Donald Trump is right. The Democratic Party has failed African Americans.
Ever since blacks forcefully abandoned the party of Lincoln in 1964 and turned out 94 percent of their vote for President Lyndon B. Johnson, Democrats have enjoyed a cozy relationship with a dedicated constituency that has demanded very little in return.
Blacks have repeatedly given the Democratic Party a blank check to do whatever it chooses and still guarantee voter turnout of an average of 88 percent. Thus far, blacks have seen minimal economic return on their investment.
Yes, Trump spoke the truth. Too many African Americans are living in poverty. Too many of our schools are no good. We have too few jobs. And large numbers of our youth are unemployed.
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So what the hell do we have to lose by voting for him? he asks. But the question most African Americans have for Trump is: What the hell would we gain?
African Americans have no idea because Trump has been too much of a coward to look them in the eye and tell them. He turned down several opportunities to speak directly to African Americans, declining invitations from the NAACP, the National Association of Black Journalists and the National Urban League.
Blacks are left to assume that he has no workable solutions to the unique problems that plague African American communities.
In effect, this man whose campaign thus far has reeked of bigotry and racism is asking blacks to just trust that he will do right by them.
Does he really think African Americans are that stupid?
What he apparently doesn’t get is that many blacks don’t give a hoot about either political party. It’s the individual candidate that draws them to the polls.
Contrary to what Trump might think, black voters care about the same things as other Americans. They want a thriving national economy. They want to go to work without fearing that terrorists are going to fly a plane through their high-rise. Some blacks also want America to treat its immigrants with dignity and be a haven for refugees fleeing their war-torn homelands.
So like other voters, blacks listen to the message and decide if it’s in their best interests. And like everyone else, they cast their vote for the candidate who convinces them that he or she is best suited to lead the country. In recent years, that candidate has happened to be the Democrat.
From the Civil War to the early 20th century, the Republican Party used its relationship with President Abraham Lincoln to bolster black support. But when Johnson took up the baton for voting rights after his Republican challenger Barry Goldwater would not, blacks switched sides en masse.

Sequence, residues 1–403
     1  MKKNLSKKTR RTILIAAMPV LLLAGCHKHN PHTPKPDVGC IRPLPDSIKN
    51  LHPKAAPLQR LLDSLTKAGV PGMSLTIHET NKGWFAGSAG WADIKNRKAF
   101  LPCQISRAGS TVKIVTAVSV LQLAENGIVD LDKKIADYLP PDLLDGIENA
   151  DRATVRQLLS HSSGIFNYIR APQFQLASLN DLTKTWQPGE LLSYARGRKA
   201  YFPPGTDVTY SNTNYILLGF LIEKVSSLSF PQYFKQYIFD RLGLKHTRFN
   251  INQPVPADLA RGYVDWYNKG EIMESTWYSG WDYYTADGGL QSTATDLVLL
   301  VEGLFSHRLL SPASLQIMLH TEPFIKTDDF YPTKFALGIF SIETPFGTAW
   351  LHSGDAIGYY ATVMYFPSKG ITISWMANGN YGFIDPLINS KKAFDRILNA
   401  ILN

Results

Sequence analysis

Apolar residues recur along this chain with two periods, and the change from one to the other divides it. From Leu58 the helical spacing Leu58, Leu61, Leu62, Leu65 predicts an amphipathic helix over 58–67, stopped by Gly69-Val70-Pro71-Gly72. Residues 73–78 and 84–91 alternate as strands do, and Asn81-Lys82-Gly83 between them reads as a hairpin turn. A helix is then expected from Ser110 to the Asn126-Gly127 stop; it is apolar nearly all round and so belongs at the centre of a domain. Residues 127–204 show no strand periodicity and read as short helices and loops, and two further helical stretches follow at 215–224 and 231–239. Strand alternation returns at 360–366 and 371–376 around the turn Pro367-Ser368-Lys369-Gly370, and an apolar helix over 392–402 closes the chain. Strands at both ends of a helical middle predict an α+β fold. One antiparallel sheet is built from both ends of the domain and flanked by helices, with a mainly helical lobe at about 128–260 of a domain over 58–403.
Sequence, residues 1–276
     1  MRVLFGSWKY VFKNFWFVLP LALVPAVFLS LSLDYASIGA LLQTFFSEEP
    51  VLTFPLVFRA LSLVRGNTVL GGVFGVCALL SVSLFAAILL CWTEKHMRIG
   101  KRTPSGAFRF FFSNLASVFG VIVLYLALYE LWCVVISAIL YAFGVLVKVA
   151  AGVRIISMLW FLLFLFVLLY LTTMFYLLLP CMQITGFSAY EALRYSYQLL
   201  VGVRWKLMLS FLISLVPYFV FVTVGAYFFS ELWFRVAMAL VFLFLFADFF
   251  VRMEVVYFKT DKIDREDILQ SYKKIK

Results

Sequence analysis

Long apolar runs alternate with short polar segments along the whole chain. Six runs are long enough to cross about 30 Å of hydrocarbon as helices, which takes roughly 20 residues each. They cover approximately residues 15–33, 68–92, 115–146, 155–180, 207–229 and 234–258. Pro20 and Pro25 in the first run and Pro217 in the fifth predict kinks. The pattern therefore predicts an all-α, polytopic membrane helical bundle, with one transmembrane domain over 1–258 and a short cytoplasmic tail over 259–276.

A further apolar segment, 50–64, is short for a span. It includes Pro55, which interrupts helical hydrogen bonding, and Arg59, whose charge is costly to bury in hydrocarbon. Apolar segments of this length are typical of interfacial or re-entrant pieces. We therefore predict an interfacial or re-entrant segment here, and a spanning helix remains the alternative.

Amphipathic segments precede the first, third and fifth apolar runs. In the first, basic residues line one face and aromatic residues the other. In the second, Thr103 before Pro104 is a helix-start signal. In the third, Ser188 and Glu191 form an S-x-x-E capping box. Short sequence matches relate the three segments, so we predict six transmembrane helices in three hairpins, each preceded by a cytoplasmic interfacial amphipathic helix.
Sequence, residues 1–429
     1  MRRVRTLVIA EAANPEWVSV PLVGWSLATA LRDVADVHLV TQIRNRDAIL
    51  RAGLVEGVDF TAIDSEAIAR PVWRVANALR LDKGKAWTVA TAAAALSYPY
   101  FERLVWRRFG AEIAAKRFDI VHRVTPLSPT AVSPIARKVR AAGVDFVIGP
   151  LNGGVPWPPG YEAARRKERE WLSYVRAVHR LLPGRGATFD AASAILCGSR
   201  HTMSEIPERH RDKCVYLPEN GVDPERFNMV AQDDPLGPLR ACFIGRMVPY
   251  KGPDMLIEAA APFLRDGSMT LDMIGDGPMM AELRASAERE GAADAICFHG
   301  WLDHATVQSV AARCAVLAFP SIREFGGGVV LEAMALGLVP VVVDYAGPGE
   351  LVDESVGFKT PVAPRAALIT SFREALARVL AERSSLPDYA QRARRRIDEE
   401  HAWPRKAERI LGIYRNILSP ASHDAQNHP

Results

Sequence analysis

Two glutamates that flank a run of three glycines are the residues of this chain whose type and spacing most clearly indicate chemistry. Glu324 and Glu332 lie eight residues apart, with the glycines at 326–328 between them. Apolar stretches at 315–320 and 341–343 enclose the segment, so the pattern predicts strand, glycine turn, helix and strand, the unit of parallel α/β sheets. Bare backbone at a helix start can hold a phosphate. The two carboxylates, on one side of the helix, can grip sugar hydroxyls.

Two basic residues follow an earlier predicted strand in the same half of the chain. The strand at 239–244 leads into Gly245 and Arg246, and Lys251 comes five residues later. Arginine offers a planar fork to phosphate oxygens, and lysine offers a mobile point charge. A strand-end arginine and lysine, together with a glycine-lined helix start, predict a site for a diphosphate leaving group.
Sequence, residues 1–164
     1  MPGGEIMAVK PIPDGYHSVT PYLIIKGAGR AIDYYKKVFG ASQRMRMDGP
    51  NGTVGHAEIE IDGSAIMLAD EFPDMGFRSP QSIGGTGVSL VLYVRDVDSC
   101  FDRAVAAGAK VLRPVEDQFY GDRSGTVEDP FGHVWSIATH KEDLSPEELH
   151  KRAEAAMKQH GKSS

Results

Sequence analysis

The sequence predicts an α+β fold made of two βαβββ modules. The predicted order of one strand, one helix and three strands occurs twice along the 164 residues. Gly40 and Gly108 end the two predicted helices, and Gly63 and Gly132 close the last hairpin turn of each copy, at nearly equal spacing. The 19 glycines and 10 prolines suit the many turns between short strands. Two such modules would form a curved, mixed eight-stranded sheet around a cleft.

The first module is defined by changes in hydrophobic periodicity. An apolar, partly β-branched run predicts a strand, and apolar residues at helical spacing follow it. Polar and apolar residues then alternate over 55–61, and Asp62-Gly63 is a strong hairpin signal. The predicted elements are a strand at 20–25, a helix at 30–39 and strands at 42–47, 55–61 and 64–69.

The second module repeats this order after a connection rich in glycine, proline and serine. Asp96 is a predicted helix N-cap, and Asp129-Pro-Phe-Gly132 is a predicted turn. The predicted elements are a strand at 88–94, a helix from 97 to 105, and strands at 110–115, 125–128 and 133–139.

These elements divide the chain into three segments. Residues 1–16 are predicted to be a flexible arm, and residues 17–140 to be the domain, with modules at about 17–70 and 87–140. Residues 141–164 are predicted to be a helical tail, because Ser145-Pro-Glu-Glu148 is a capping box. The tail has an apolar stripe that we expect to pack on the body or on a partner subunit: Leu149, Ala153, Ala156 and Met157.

Certainly, there are issues that have more impact on African Americans than other groups. Poverty, education, unemployment and crime are among them.
But why would blacks place those important issues in the hands of a man who refuses to stand among them and talk about solutions?
One of Trump’s halfhearted appeals for black votes came last week in front of a mostly white audience in a town outside Milwaukee, a city where many residents are African American and poor.
Trump knew that a black audience likely would have booed him off the stage. So he entered a safety zone where he could play on the emotions of white Americans who feel that African Americans are their own worst enemy.
He didn’t say anything that most people don’t already know. But with that audience, he didn’t have to. No one demanded any specifics.
Trump’s underlying message was that blacks are complacent about unemployment, poverty, education and crime. If they weren’t, they’d do something about it. No one in that audience stood up to challenge him.
Trump talks about bringing law and order in a way that implies his plan is to put more blacks behind bars. If he has another idea, he needs to reveal it. Otherwise, blacks are going to remember that full-page ad he took out in New York newspapers in 1989 calling for the execution of the five black and Hispanic teens accused of raping a jogger in Central Park. The defendants, known as the Central Park Five, were later exonerated.
He casually mentions bringing jobs to black communities, but his track record on minority hiring is dismal. According to a review by The Associated Press, there are few, if any, black executives in the upper ranks of the Trump Organization.
Now, he wants African Americans to vote for him. Yet he supports voter identification laws that serve to systematically repress black voters in the South.
Perhaps Trump’s lackluster outreach to African-Americans is part of a new campaign strategy to be more inclusive. But just as eating a taco bowl on Cinco de Mayo wasn’t enough to win over Hispanics, shaming blacks into voting for him won’t work either.
If blacks would just trust him in November, he said, they would turn out 95 percent to re-elect him after four years. He appears to be giving African-Americans a wink that he has no intentions of following the Republican platform, if elected.
That should make the Republican Party nervous. And if his own party can’t trust him, it’s hard to see why African Americans would.
So far, what the Democratic Party has done for blacks has been mostly symbolic. Maybe when the Republican Party figures out a way to put another Barack Obama at the head of its presidential ticket, rather than someone who fueled the birther movement, blacks would happily flock over to the other side.
In the meantime, it’s certainly going to take a better candidate than Donald Trump to make that happen.
Dahleen Glanton is a columnist for the Chicago Tribune. Readers may email her at firstname.lastname@example.org.